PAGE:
I’m going to be a guinea pig.

Well, not a guinea pig really… but I am going to take part in a clinical trial. Where did that guinea pig thing ever start anyway?

Sponsored by the National Institutes of Health (NIH), the idea of this trial is “to assess an investigational simulation-based educational tool for persons with type 1 diabetes”.

Since the trial hasn’t started yet, it’s probably easier for me to tell you what I’ll be doing rather than what it’s all about right now.

When the trial begins, I’ll be starting on a Continuous Glucose Monitor (known to most of us as a CGM). It will be the Dexcom G4™, and I’ll be wearing it every single day for several weeks. During most of those weeks, I’ll be sharing data with the research team on a daily basis. I’ll be telling them about my CGM trends, my insulin usage, my diet, my exercise, how I’m feeling… the whole nine yards.

The information I’ll be giving will be used to fuel an algorithm that will be used to provide feedback so patients can potentially adjust insulin intake or make other adjustments, if necessary, to achieve optimal target BGs in the future. I guess the general idea is to see if an idea like this will achieve positive results. In the end, researchers want to find out if this tool “can be useful in diabetes management with the artificial pancreas system”.

I hope that explanation made some sense, at least. I’ve read everything about it a couple of times, and I’m still waiting for it to sink in all the way. What I can tell you for sure is that I’m very much looking forward to potentially helping other Type 1s through my participation in this study. As I go through the different phases of the trial, I’ll let you know more.

I went for my initial medical screening last week. Not having done this before, I can’t tell you that they are all the same. But I will share my experience on this occasion.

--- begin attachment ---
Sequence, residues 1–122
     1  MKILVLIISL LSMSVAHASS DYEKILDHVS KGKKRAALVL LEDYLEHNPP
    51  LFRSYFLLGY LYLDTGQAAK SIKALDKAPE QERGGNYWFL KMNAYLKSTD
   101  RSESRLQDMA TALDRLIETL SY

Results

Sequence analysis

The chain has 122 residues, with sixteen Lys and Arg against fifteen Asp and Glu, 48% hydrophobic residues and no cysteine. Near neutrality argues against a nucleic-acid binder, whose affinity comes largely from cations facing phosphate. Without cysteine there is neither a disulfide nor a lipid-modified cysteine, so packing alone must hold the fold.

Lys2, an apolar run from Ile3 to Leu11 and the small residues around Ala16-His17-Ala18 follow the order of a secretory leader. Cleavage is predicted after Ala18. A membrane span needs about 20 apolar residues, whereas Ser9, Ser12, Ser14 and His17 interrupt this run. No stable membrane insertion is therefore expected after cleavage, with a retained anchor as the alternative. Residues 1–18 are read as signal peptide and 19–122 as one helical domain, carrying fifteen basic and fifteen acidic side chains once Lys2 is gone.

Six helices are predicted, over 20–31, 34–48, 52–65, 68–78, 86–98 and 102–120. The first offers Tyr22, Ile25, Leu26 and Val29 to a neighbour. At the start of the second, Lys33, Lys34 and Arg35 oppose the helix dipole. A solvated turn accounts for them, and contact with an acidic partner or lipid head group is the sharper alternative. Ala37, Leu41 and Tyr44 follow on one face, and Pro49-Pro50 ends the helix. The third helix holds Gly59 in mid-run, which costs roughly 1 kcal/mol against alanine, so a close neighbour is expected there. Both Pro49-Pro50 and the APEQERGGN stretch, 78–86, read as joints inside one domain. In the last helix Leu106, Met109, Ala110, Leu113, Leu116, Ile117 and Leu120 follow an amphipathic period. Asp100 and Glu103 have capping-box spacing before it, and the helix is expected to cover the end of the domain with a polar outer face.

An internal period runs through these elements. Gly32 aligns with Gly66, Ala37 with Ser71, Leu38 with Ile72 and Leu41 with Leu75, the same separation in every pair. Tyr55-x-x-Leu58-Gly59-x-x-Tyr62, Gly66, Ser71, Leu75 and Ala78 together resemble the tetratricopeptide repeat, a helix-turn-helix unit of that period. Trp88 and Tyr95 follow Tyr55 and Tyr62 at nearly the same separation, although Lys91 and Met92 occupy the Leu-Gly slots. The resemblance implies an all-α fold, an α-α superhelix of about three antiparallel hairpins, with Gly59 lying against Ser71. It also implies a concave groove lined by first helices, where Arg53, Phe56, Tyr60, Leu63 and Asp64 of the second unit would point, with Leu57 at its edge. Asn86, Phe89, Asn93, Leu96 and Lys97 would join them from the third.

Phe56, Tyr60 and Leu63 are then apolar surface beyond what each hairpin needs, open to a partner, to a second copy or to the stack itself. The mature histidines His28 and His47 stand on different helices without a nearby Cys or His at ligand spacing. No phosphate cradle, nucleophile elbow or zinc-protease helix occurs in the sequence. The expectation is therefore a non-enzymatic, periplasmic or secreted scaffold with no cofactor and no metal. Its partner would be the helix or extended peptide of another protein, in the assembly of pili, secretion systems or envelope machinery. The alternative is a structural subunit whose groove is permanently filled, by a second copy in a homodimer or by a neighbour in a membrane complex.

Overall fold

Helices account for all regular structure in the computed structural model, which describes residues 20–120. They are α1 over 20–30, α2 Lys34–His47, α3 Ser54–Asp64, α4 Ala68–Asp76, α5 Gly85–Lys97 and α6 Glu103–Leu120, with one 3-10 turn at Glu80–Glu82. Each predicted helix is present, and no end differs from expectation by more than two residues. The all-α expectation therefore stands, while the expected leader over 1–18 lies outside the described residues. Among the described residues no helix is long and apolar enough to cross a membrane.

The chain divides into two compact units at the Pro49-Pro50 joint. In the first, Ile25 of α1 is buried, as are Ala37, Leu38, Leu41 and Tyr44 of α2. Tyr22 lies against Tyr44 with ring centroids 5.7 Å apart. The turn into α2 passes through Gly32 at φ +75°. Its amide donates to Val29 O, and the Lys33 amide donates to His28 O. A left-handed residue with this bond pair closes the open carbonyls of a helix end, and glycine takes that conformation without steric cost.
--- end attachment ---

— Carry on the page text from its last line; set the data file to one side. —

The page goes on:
In advance of my visit, I had to complete about six pages of paperwork. Everything from doctors and emergency contacts to all the drugs that I take. You know, the usual. I also had to detail my pump’s basal settings and my insulin usage over the previous week. There were some additional questions in there that I probably shouldn’t share—not because they’re particularly personal, but because of the proprietary nature of the study. Nothing too shocking though. I also had to make sure I familiarized myself with the Dexcom™ online tutorials, so I’d have an idea of what I was getting myself into.

After I arrived and handed over my paperwork, I sat down with the clinical trial coordinator and signed a few important papers, answered a few questions, and asked a few too. After that I had a question and answer session with the endocrinologist working on the study. I don’t want to give short shrift to this part of the screening… there are important parts of the study that they’re covering in these meetings, and I was giving them information that they would need to determine if I was even eligible to participate.

Once I finished these two sessions, it was time to get my blood drawn. Again. Two weeks earlier, I had donated blood. A week earlier, I had blood drawn at my endo’s office for lab tests. And now I had to get blood drawn again for the study. It turned out that my Hemoglobin A1c result was 0.3 percent higher than it was the week before. Still in the good range, but WTF? Maybe they just didn’t take the blood out of the good arm this time. Whatever that means.

Finally, I met with the principal investigator on the trial. I got a basic explanation of the tasks I was expected to complete for the study. And we had a brief discussion of what I can and cannot blog about regarding this adventure. One of my basic rules applies here: When in doubt, leave it out. I’ll tell you as much as I’m sure I’m allowed to tell you without compromising the study.

Not having worn (or even seen up close) a DexCom™ unit, I’ll be looking for some advice on best practices. Got any ideas? Think about it and get back to me, if you can. The study will commence in about two weeks. Thanks!
 
 
 

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Comments

  • scully  On March 19, 2013 at 11:58 am

    WooHOO!
    love the guinea pig aspect and I think what your doing will benefit everybody!

    Like

  • Scott K. Johnson  On March 19, 2013 at 12:48 pm

    Very cool! Thank you for putting yourself through this. Clinical research is a very important thing for everyone living with diabetes!

    Like

  • theperfectd  On March 19, 2013 at 5:03 pm

    I love opportunities like this. You get to test drive a Dexcom G4 (I love mine!) and help others. Bravo! You can’t take Tylenol with the Dexcom, but other than that, it’s a great CGM. (Insertion needle doesn’t hurt much at all and I’m a wimp.)

    Like

  • Kim / Diabetes (@txtngmypancreas)  On March 19, 2013 at 5:11 pm

    So awesome!

    Like

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